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Re: Acessibility of <audio> and <video>

From: Leif Halvard Silli <lhs@malform.no>
Date: Tue, 02 Sep 2008 01:51:13 +0200
Message-ID: <48BC7FF1.9040402@malform.no>
CC: 'HTML WG' <public-html@w3.org>

Lachlan Hunt 2008-09-01 23.36:

> Leif Halvard Silli wrote:
>> Justin James 2008-09-01 19.42:
>>> I can imagine the furor if we also applied this logic to
>>> images, by saying, "if you want accessible images, use a format
>>> that natively supports metadata of alternate text, or put a
>>> subtitle/caption/legend/etc. in your image."
> 
> No. Unlike video, images have no way embedding accessibility features 
> within them, and their meaning is very often depending on the context. 
> However, videos do have various ways of including native accessibility 
> features, such as subtitles/captions or audio descriptions.


Our recent debate about EXIF proves opposite.

Just like you said that accessible video should be the video 
editor's task (not the web page editor), one could similarely hand 
the task of photo fallback to the photo editor.

>> Add to that that movie formats are *very* often used for displaying 
>> photos.
> 
> Could you elaborate on what you mean, provide some sort of evidence to 
> support this claim, and also explain why it's relevant?

Dagbladet.no publishes vidoes which serves both a photo role and a 
video role almost daily. Here is one article from yesterday:

Link: http://www.dagbladet.no/kultur/2008/09/01/545443.html

One could have taken away the video functionality, and it would 
still be a photo. (I, for one, did not care to look at the video.)

This is a news article. Other uses cases could be news from sports 
events: The video offers you a choice between seeing the photo 
which documents the winner of the event, or you can play the video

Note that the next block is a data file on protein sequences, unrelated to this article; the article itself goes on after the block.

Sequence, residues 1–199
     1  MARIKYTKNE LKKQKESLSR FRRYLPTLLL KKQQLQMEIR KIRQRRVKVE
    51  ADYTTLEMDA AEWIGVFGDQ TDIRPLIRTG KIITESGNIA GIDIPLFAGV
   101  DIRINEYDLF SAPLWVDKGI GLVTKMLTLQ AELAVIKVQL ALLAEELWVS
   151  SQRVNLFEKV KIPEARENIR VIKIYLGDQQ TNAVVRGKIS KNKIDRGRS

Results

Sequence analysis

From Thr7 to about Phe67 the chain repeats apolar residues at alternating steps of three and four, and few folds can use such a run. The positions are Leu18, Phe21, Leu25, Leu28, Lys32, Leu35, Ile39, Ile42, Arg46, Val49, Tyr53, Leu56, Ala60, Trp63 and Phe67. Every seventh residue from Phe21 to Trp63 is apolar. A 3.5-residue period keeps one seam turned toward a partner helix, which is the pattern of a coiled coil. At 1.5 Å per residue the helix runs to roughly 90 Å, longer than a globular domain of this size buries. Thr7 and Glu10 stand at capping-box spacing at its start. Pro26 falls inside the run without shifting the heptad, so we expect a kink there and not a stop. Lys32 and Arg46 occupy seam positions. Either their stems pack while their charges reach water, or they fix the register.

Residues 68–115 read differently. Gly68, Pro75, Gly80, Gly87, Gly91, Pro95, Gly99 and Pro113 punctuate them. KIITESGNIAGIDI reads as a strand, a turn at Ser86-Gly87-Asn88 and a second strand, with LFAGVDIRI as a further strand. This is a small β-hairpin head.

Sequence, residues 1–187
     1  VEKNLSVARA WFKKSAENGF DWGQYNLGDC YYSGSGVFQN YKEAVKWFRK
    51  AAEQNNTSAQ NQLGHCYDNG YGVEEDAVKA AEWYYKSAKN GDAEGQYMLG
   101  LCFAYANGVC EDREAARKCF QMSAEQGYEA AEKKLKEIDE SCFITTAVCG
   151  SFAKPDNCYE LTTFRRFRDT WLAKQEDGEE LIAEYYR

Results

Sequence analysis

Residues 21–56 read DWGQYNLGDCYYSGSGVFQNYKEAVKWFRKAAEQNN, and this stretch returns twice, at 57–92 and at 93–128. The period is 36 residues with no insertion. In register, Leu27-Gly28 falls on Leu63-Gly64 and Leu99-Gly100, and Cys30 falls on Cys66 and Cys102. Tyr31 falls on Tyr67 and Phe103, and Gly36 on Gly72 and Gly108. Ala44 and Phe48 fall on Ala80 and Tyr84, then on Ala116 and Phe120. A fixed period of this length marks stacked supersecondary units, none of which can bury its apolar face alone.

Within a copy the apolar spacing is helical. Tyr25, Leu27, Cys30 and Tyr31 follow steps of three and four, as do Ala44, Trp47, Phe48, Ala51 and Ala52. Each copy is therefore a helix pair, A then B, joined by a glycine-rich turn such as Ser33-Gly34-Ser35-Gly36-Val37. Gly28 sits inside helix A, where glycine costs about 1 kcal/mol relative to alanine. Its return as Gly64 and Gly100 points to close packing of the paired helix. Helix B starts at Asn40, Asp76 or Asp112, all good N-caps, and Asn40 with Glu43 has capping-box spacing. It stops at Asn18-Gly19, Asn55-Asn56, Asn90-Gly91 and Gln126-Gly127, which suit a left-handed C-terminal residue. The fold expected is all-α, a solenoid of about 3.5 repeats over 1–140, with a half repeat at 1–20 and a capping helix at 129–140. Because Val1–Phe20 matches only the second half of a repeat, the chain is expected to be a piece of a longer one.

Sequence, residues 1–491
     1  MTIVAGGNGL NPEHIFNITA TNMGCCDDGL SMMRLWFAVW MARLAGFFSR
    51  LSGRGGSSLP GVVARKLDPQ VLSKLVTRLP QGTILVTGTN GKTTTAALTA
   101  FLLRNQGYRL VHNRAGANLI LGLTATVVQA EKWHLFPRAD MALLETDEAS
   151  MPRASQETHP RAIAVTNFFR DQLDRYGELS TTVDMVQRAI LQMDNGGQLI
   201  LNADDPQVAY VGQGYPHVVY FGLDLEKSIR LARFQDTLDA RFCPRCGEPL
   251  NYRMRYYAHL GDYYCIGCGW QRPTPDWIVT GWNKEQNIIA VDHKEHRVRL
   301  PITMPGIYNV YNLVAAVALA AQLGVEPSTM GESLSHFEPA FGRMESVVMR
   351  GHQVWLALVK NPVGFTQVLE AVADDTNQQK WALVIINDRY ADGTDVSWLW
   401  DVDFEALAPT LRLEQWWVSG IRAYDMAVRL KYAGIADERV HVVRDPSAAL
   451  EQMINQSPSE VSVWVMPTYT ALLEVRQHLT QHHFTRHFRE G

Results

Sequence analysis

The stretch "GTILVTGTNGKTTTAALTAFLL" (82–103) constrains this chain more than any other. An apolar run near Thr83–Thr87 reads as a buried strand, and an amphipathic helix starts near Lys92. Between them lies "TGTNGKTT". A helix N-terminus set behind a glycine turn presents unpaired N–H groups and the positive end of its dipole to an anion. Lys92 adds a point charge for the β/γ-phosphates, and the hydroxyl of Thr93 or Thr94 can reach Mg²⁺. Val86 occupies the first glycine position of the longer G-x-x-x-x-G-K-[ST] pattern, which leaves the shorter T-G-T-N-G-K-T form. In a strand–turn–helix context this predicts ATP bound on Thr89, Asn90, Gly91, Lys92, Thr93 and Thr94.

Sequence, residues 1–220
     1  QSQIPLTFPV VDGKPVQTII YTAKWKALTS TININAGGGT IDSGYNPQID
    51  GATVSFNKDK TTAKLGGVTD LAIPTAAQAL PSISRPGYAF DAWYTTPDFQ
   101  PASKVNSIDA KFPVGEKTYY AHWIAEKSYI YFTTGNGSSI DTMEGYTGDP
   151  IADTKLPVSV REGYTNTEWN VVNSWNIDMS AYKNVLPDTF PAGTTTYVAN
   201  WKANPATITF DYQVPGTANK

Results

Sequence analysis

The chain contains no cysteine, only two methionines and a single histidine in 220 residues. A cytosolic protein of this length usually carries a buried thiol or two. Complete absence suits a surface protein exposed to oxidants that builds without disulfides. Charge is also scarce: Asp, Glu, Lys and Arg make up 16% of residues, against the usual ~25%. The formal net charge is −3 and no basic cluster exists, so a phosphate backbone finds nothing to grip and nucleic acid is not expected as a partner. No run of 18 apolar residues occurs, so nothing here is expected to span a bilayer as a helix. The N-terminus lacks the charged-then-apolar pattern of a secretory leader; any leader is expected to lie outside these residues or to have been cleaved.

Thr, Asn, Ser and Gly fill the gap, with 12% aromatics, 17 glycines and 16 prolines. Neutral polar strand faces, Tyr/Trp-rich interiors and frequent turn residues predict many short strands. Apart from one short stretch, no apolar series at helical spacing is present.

to see how it all happened.

>> Plus the fact the <video> elment itself has a poster image to be 
>> displayed before the video is started.
> 
> I'm not sure why that is relevant.  The poster frame can be thought of 
> as being more like an icon representing the video.  It's the content of 
> the video that is important

The Dagbladet.no example I gave above shows that the poster image 
  can serve the role of a photo.

If the poster image shows Putin looking at a sleeping siberian 
tiger, then why do you need a separate <img> with the same motif?

And just as I was more than satisfied from seeing the photo, 
likewise could anyone incapable of seeing the video be more 
satisfied with an @alt text for the poster photo. (Rather than 
having to be bothered with listening/seeing the entire video 
before getting any clue.)

This has me asking: Why couldn't the poster image just be a 
regular <img> element, rather than an attribute?

>> instead allow textuall fallback <element>inside the element</>, then 
>> that would be better.
> 
> OK, let's look at the various kind of alternatives that could be 
> potentially provided for people who either can't watch or don't want to 
> watch the video.

 >

> * Transcript of spoken content.
> * Textual descriptions of relavant non-spoken content.
>   e.g. descriptions of significant actions or sounds in the video.
> * Still images illustrating significant moments from the video.
>   e.g. images of presentation slides, if the video was of someone giving
>   a presentation.


"Still images illustrating significan moments" - that is exactly 
the usecase we have in the Dagbladet.no newsarticle I sited.

The poster image should be viewed as <video> fallback!

Because, as it turns out, almost all humans prefers an 
"image-fallback" in form of a poster, rather than have the video 
start playing once the page has loaded.

It is when looking at the fallback, that we should be offered the 
choice between how we want the video served: as slides, transcript 
or the very video.


> * A link to download the video, possibly in alternative formats, to
>   watch in an external media player, perhaps in several formats.


When it comes to getting the video in another video format, then - 
if we are talking /fallback/ - this requires that the user /knows/